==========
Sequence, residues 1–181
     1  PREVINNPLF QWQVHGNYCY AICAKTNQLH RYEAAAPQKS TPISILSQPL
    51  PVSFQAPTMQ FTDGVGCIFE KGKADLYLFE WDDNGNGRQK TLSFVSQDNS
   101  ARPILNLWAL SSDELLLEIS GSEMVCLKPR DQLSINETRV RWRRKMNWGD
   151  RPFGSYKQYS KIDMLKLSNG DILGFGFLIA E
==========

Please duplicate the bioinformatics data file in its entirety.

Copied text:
Sequence, residues 1–181
     1  PREVINNPLF QWQVHGNYCY AICAKTNQLH RYEAAAPQKS TPISILSQPL
    51  PVSFQAPTMQ FTDGVGCIFE KGKADLYLFE WDDNGNGRQK TLSFVSQDNS
   101  ARPILNLWAL SSDELLLEIS GSEMVCLKPR DQLSINETRV RWRRKMNWGD
   151  RPFGSYKQYS KIDMLKLSNG DILGFGFLIA E